Thursday, May 16, 2013

High cholesterol, when do you have to start taking medication?

Q. My hubby's reading today was
HDL - 61
LDL - 167
Trigy - 89
Cholesterol ratio - 4.0
Total cholesterol - 246
Fasting glucose - 93
Blood pressure 138/80

Does this look normal or should he be on medication due to the high LDL? At what readings should a person be diagnosed with medication? Appreciate your kind replies.
Thanks so much for your kind reply, Pauline.

A. Its not bad... and definitely not bad enough to take medication. I am not a doctor but I am a natural health nut who has family with high cholesterol and I watch this stuff closely.

Medication is an absolute last resort. What you will usually get is Lipitor and one your on that, its pretty much forever.... its tailored that way.

The best way to lower cholesterol is change your diet.. figure out what foods created it in the first place (chips, mashed potatoes and gravies, red meat, bacon.....its pretty obvious what does unless you just naturally produce cholesterol in your bloodstream) and eliminate them. A good routine is always eat a whole grain breakfast within 30 minutes of waking in the morning (even if you dont eat breakfast, its the most important meal and your cholesterol will lower just by doing that in most cases)as well drink 8 to 16 oz of water, clean fresh water, not tap. Then eat fibre througout the day at least every two hours.. carrots, apples, fibre bar whatever.... drink lots of water (this is the nectar of life, it has been neglected for years but science is realizing its really important to keep cells in your body working properly). There is also another thing you can do... drink an ounce of apple-cider vinegar every morning..... it cleans the arteries.... and get a multi-vitamin that contains B50 and niacin.... these also help keep the arteries clean and feed the heart which is what we worry about with high cholesterol. I know this is long but I just wanted to help... I dont promote taking any pills for quick fix... because its not good for your body to take pills.. then you have to take other pills to offset side effects and the next thing you know you have 20 pills to take every day.. the body isnt designed to filter pills..... which is why I believe people are sick in this day and age.

Good Luck

How is cholesterol calculated and can you have too much good cholesterol?
Q. I went to the doctor and my cholesterol was 246 which isn't so good but my good cholesterol was 65, which she said is great. Is the LDL what's remaining after the good cholesterol is subtracted from the total? Can you have too much HDL?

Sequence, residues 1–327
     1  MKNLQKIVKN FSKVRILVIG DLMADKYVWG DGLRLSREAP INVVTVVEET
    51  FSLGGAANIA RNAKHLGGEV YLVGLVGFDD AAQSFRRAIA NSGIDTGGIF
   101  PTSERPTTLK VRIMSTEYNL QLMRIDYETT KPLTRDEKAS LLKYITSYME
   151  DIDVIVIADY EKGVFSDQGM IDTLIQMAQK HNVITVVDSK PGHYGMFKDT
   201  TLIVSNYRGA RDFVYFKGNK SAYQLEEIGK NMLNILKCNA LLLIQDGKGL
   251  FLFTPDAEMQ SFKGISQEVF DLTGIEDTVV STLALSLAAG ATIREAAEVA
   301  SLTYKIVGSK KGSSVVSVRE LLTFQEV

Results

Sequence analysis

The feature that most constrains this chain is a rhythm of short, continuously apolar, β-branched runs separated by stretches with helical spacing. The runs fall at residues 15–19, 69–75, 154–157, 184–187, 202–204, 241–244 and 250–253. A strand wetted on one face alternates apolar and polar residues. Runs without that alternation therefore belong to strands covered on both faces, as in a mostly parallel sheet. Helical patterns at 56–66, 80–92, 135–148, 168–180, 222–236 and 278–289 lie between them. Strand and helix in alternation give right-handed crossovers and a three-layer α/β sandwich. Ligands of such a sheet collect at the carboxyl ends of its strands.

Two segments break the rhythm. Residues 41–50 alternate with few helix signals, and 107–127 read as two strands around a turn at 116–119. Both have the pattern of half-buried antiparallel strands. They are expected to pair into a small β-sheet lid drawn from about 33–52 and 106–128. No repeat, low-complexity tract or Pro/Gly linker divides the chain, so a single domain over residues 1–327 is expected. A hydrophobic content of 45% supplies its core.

A. HDL are "high-density lipoproteins" which is fancy doctor talk for cells that are high in protein, low in fat/cholesterol. This is preferred, as this is what "feeds" the body with growth proteins. Proteins power "cell" creation and repair (only). Things like muscle, skin, hair, etc...anything that grows or requires frequent repair benefit from higher counts of HDL. HDL's increase in demand with more activity. Specifically 'cardio' (meaning heart) workouts. You really can't have "too much" HDL's because if the body doesnt need the level of proteins in the blood sugar, it simply release it as it passes through the kidneys. We pee out excess proteins. They do NOT convert to bodyfat like some bodybuilders like to beleive.

LDLs are of course "Low density", meaning low protein high fat. LDL's partially provide energy to "active" muscles. The cells are often "coated" with saturated fats. As these move around the body feeding active muscles, they 'bump along' the artery walls, the leave little "skid marks" so to speak. These marks build up to become plaque, and can cause heart decrease. Reducing LDL's to under 200, (or 150 even better) would be good advice but often requires medication, diet modification, AND more physical activity.

How much cholesterol would be in a ostrich egg?
Q. Actually, you can eat ostrich eggs. Eggs are eggs. Just to let you know.

A. An ostrich egg is supposed to be equal to 2 dozen chicken eggs. That would mean 2520 grams of cholesterol.

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